In a circular configured system all Smart Parking Meter devices are in a listening state. The master of the block (which could be selected by choosing the lowest hardware device address, called the medium access control or MAC layer address) has a routing information list and passes this ordered list to the next address along with the states of all the meters. The meter then looks up the address of the meter after its own entry in the list and pass the list on to it adding its new state to the list. Also to increase the accuracy of the states held in the parking meters, the block master could send out multiple synchronize tokens
 Considerations for this system are the configuration stage and meter failure. The configuration stage has to be very robust to allow for high amounts of meter paging and inquiry collisions. As well meter failure could severely cripple the network. If the master disabled, the network would sit idly waiting for instructions from the master not knowing of the master's untimely demise. These are all special cases though that could be handled in multiple ways. Networks could time-out after a prolonged period of silence and attempt to reconfigure the network and select a new master.
 Another consideration for timing accuracy is the use of Hops in the message token. Once a Smart Parking Meter has received the message token, it goes through the list and increment the hop counts of the other meters in the list, and add/update its own state supplying a hop count of 0. We could use an arbitrary number such as 2 seconds/hop, so when the handheld device receives a synchronize event it adjusts the times remaining on the meters by 2 seconds/hop.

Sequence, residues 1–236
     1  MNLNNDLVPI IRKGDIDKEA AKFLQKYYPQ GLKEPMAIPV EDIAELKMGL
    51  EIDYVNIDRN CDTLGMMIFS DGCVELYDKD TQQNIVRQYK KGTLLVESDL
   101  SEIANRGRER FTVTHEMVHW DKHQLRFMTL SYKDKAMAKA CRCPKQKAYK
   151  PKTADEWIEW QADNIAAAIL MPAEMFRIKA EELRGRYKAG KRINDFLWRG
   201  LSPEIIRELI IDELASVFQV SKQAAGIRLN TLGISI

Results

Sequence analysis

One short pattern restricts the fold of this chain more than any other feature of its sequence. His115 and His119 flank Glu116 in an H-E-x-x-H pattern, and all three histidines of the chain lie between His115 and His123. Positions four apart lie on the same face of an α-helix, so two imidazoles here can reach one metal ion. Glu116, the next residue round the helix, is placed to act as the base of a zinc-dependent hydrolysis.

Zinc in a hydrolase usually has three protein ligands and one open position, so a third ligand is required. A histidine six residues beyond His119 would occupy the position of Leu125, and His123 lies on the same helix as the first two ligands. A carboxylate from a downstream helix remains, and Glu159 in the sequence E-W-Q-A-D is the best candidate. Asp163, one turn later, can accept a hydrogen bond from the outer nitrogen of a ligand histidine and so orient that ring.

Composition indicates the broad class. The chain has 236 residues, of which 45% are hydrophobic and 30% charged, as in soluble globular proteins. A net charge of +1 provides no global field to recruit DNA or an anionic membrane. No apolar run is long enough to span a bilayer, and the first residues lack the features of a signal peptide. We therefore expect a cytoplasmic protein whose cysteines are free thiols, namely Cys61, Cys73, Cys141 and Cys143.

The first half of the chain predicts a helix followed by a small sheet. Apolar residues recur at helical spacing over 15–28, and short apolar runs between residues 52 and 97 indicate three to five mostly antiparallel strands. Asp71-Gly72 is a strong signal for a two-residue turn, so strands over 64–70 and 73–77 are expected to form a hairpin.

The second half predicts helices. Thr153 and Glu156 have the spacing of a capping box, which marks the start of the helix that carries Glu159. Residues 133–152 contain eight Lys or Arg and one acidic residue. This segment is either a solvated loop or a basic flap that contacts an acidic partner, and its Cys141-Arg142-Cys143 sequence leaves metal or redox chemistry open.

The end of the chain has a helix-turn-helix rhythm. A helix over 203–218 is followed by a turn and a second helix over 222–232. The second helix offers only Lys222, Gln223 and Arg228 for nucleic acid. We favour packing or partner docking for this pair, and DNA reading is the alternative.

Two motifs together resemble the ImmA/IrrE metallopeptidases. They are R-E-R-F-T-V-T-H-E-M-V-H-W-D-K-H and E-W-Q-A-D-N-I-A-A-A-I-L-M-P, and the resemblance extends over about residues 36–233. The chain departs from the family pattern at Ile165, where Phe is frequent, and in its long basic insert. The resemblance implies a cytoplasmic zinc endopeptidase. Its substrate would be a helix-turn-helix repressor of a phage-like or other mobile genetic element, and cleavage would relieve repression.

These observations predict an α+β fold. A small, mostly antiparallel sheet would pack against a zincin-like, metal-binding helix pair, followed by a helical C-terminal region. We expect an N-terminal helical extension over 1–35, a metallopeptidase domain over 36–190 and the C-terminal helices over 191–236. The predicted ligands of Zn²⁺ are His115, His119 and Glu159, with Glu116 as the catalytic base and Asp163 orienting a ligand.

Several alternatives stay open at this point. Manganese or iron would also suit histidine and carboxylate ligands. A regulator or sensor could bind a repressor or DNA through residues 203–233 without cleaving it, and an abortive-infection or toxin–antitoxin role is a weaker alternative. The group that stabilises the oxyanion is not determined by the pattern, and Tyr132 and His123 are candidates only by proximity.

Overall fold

Message/Packet Formats
 PDA to Meter Message Formats
 These messages are used only when the remote master device is communicating with a parking meter. The remote master always initiates them, never by a parking meter.
Command ID Command Parameters PDA_SYNC 0x01
 The PDA_SYNC command is issued only by the remote master device (the iPaq) to a parking meter within range. It currently has no command parameters.
 Command Parameters:
Command ID Command Parameters PDA_SYNC_RESULT 0x02 Num_Meters, ADDR[i], State[i]. . . ADDR[N], State[N]
 The PDA_SYNC_RESULT is sent from the parking meter to the remote master device that initiated the PDA_SYNC. It can contain up to 255 meters and their states.
 Command Parameters:
Num— Meters 1 Byte Value Parameter Description 0x00-0xFF Specifies the number of parking meters that are returned in this packet. ADDR 6 Bytes Value Parameter Description 0xXXXXXX The Bluetooth device address of a parking meter State 1 Byte Bit Format Parameter Description Oxxxxxxx The first bit is the occupied flag. 1 = occupied, 0 = unoccupied Bit Format Parameter Description x0000000 The last 7 bits specify the time remaining on the meter. The value is unsigned and anything higher than 127 minutes becomes 127 minutes.
Command ID Command Parameters PDA_SYNC_RESULT_ACK 0x05 Status
 The PDA_SYNC_RESULT_ACK is sent from the remote master device after a result has been received to signal to the parking meter what its next action should be.
 Command Parameters:
Status 1 Byte Value Parameter Description 0x00 Status OK: Signals that the result was received OK, ready to receive next event 0x03 Status RESEND: Signals that there was a problem with the results packet and it should be resent